Benjamin is a former volunteer DJ at his local hospital radio station. He has been reviewing films online since 2004.
What's the Big Deal?
The Naked Gun: From The Files Of Police Squad! (often shortened to The Naked Gun) is a comedy film released in 1988 and is a film spin-off of the short-lived TV sitcom Police Squad!, written by brothers Jerry & David Zucker and Jim Abrahams. Like the show, the film is a parody of police procedural drama with a fast-paced string of verbal and visual gags and slapstick. The film stars Leslie Nielsen, Priscilla Presley, George Kennedy, Ricardo Montalban, and OJ Simpson and follows the efforts of an incompetent LAPD officer to foil an assassination attempt on Queen Elizabeth II. Released to critical and commercial success, it spawned two sequels released in 1991 (The Smell Of Fear) and 1994 (The Final Insult) and is widely considered one of the funniest films ever made.
What's it About?
With a forthcoming visit to Los Angeles by Queen Elizabeth II due imminently, Officer Nordberg is investigating a heroin smuggling operation at the docks before being violently apprehended by goons belonging to the dock's owner, Vincent Ludwig. After receiving the news about Nordberg from his boss Captain Ed Hocken, Police Squad lieutenant Frank Drebin visits him in hospital and learns several cryptic clues from the wounded Nordberg. Hocken also tells Frank that Nordberg's jacket contained traces of heroin and with Police Squad in charge of the Queen's security, Drebin only has 24 hours to clear Nordberg's name before the scandal erupts.
After visiting Ludwig in his office, Frank is delighted to be assisted by Ludwig's personal secretary Jane Spencer and an unlikely romance begins to blossom. But Jane, who is unaware of Ludwig's criminal dealings, is merely following Ludwig's instructions which mask a far deadlier plot to assassinate the Queen during her visit. Can Frank stop this diabolical menace from completing his evil plan, once Frank gets around to figuring out exactly what it is?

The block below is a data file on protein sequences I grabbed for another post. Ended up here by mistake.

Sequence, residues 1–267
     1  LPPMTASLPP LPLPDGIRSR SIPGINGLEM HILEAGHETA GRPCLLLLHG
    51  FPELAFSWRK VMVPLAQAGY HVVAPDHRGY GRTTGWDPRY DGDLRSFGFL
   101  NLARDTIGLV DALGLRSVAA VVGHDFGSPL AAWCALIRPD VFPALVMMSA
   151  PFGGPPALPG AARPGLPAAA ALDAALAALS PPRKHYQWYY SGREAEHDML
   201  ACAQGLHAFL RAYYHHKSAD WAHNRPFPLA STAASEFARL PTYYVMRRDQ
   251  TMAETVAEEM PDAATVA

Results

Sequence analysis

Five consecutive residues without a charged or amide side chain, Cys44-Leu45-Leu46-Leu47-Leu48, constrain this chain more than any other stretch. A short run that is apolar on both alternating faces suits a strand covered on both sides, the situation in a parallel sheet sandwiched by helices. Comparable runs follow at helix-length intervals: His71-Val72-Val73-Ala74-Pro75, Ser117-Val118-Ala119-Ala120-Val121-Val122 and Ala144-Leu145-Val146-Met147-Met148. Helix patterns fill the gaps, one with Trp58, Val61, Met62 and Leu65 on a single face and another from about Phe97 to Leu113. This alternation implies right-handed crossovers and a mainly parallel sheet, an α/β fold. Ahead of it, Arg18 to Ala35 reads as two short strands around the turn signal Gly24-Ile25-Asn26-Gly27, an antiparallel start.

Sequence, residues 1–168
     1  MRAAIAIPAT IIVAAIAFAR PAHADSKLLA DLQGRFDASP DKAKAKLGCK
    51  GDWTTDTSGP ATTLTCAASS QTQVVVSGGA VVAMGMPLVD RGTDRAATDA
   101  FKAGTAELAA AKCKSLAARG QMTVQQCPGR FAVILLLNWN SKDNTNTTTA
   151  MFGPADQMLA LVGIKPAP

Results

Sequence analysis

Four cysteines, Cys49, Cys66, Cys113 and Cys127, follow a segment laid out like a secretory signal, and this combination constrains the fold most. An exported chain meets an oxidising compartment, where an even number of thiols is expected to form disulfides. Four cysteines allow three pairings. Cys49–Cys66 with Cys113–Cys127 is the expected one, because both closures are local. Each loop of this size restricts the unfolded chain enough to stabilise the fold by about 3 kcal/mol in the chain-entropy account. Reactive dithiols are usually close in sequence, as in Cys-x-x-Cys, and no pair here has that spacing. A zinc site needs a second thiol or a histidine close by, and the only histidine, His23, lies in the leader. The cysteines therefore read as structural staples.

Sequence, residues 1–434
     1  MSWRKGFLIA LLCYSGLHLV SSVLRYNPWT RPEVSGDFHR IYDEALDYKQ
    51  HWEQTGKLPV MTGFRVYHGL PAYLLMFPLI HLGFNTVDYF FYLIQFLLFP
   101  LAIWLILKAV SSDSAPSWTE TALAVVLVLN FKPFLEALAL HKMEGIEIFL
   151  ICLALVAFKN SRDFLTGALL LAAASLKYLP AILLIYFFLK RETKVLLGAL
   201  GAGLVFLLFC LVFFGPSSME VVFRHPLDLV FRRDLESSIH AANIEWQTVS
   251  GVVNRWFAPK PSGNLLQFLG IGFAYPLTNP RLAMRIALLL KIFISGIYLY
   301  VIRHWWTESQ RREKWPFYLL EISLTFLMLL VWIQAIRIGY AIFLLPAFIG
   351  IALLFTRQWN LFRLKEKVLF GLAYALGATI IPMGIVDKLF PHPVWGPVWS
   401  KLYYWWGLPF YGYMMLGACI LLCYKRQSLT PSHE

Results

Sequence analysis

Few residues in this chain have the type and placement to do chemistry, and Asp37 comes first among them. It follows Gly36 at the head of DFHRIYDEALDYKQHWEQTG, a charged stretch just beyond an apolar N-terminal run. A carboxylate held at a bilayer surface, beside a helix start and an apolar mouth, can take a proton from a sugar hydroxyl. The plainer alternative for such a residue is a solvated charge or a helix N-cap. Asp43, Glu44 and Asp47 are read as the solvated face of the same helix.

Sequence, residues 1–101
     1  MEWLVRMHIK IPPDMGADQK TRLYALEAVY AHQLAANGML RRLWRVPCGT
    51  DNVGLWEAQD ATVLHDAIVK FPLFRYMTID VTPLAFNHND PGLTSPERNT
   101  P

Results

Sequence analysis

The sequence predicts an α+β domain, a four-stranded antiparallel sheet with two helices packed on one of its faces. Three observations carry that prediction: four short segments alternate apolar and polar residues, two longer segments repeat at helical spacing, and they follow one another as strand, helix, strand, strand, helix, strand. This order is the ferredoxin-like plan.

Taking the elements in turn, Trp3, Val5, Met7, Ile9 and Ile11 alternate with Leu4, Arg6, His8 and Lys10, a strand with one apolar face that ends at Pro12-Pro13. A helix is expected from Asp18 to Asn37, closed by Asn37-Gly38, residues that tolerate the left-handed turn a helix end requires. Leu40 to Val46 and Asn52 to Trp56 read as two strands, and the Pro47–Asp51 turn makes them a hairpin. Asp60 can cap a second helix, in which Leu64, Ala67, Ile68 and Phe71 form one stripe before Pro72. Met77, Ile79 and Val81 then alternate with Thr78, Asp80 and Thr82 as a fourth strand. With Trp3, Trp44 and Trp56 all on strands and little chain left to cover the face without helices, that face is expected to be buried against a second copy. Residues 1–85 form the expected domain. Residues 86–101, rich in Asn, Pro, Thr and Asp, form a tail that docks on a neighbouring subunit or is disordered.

What's to Like?
Anyone familiar with the work of the Zucker brothers and Jim Abrahams (known collectively as ZAZ) will know what to expect here. The Naked Gun is an avalanche of comedy designed to completely bury its audience with sight gags, one-liners, slapstick comedy, and visual puns. And much like their earlier effort Airplane!, the majority do manage to make you laugh to some degree, and isn't that the point of a comedy? Nielsen is in top form here as the bumbling Drebin, never once dropping his straight-faced façade in spite of the chaos around him. Ably assisted by Kennedy and Presley, the film is far more enjoyable than it has any right to be. Even actors like Montalban and Simpson, long before his alleged murdering days, manage to make you smile.
Naturally, the film is somewhat childish in its approach to the narrative but in a way, you don't really care because it simply doesn't matter. The film's very purpose is to make you laugh and most of the time, it does. The humour can get a little near to the knuckle at times, preventing it from reaching a more family-friendly audience but the film is a sheer delight and further reinforced Nielsen's unlikely career resurgence after his barn-storming appearance in the aforementioned Airplane!. The film would also make a star of Presley who had been stuck in Dallas for years until this series would rescue her.